This year, what’s a new skill you’d like to learn or acquire that will improve your teaching or business? There are an abundance of tutorials and opportunities available to learn something new via the internet.
Maybe you would like to revitalize your website, social media, or logo?
Would you like to improve your video or music editing capabilities?
Maybe you would like to have new teaching tips for acro or ballet or tap?
Or maybe a few DIY repairs will polish and freshen up your facility?
Are you interested in tweaking your staff and studio culture for the year ahead?
Research- discover the material that is available to you.
It is easy to become complacent in comfort- challenge yourself! Once you are open to learning more, the sky is the limit.
A popular excuse for not learning new things is lack of time- take the time. Make the time. It will be worth it!
Unsure about where to start? Check out the following sites:
Today, we begin the first of seven spring recitals that will span through June 7th!
For me, spring recitals are the most exciting time of the year – teachers and students have worked hard to present a product that will showcase their work. We begin planning spring recitals immediately after each year’s event, so we have 11 solid months of planning. Once the immediate recital season arrives, most of the work is finished!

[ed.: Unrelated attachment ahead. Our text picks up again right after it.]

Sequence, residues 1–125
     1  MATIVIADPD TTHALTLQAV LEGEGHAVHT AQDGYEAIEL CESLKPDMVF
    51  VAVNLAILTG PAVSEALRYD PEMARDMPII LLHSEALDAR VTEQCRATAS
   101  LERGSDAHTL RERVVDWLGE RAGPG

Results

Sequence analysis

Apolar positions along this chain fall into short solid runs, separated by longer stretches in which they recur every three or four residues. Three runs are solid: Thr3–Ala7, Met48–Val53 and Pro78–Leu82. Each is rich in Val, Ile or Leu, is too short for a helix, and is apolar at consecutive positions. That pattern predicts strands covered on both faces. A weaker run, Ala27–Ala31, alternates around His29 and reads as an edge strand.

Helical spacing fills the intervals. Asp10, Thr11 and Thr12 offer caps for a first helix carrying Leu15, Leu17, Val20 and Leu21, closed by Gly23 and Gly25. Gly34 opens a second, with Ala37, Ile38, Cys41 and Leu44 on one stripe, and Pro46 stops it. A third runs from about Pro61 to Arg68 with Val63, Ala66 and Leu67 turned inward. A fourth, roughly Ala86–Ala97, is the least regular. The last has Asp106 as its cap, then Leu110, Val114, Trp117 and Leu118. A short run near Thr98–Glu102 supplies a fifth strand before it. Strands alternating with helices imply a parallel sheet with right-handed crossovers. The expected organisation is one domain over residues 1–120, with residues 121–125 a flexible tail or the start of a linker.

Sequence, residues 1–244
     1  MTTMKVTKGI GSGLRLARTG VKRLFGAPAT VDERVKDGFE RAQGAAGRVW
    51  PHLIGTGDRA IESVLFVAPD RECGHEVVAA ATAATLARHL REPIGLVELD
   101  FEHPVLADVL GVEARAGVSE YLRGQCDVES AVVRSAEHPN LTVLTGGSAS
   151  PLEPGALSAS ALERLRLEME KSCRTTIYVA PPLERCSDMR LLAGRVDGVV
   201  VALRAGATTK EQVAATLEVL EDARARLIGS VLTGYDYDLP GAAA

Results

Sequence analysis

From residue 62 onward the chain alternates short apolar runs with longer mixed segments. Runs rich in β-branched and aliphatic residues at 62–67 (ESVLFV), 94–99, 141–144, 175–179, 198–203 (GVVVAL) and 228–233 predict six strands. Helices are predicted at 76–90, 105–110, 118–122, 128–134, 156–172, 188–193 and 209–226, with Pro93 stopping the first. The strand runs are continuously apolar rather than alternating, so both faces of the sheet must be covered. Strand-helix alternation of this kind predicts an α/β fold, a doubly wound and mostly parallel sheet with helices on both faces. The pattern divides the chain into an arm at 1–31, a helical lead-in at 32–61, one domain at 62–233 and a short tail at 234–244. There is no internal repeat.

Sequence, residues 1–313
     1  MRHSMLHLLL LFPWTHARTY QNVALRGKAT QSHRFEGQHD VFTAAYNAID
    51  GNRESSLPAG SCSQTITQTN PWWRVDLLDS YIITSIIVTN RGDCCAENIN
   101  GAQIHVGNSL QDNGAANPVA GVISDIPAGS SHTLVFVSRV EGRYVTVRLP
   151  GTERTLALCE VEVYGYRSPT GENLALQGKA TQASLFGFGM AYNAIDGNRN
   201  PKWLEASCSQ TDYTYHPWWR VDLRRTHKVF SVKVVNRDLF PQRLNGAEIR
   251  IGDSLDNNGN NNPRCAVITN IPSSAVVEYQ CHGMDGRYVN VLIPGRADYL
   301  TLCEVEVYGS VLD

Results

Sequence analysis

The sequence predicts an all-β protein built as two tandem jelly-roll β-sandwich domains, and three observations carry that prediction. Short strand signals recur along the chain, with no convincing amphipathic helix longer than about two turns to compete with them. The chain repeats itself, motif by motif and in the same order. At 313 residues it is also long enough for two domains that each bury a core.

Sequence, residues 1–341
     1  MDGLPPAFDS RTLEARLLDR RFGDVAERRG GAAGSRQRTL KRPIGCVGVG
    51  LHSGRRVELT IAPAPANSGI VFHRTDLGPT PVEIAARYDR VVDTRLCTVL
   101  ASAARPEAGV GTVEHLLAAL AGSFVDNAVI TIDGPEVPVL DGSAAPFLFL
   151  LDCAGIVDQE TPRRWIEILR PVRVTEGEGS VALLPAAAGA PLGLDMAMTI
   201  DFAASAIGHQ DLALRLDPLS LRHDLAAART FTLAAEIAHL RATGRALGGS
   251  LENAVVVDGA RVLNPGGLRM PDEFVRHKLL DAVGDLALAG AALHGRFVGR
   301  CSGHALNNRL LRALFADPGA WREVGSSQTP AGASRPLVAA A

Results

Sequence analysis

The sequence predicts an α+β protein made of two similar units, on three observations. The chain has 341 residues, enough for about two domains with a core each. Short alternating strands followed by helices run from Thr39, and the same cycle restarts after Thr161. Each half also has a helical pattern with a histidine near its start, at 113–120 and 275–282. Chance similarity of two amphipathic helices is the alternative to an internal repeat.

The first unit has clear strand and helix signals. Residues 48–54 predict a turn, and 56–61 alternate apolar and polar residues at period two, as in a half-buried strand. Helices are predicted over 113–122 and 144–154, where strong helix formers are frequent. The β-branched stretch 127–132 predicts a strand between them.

For some, I know it can be a stressful period. And, even if the midst of joy and celebration, stressful moments occur- like the time our balloon drop pull wasn’t pulled out at intermission or an upset child that will not calm or a parent that feels exceptionally frazzled. Know that the stressful moments happen, but, more often than that, use the following tips to create a happy, exciting, and positive event!
1. Set the tone: Your mood and leadership will set the tone for the event- keep it positive and fun!
2. Be prepared and organized: Allow yourself plenty of time to be as organized and prepared as possible.
3. Delegate: Manage and assign tasks to every piece of the puzzle. This will result in a smooth operation.
4. Communicate: Let people know every detail of what to expect, multiple times. This includes students, parents, staff, and backstage volunteers.
5. Have support: Rely on your immediate support team for ideas and strategies.
6. Do not procrastinate: Recital is the not the time to procrastinate – finish everything with plenty of time to spare.
7. Be flexible: When everything does not go as planned, be flexible.
8. Be calm: Even when dealing with difficult situations and problems, remain calm and diplomatic. Isolate and address the problem and move on.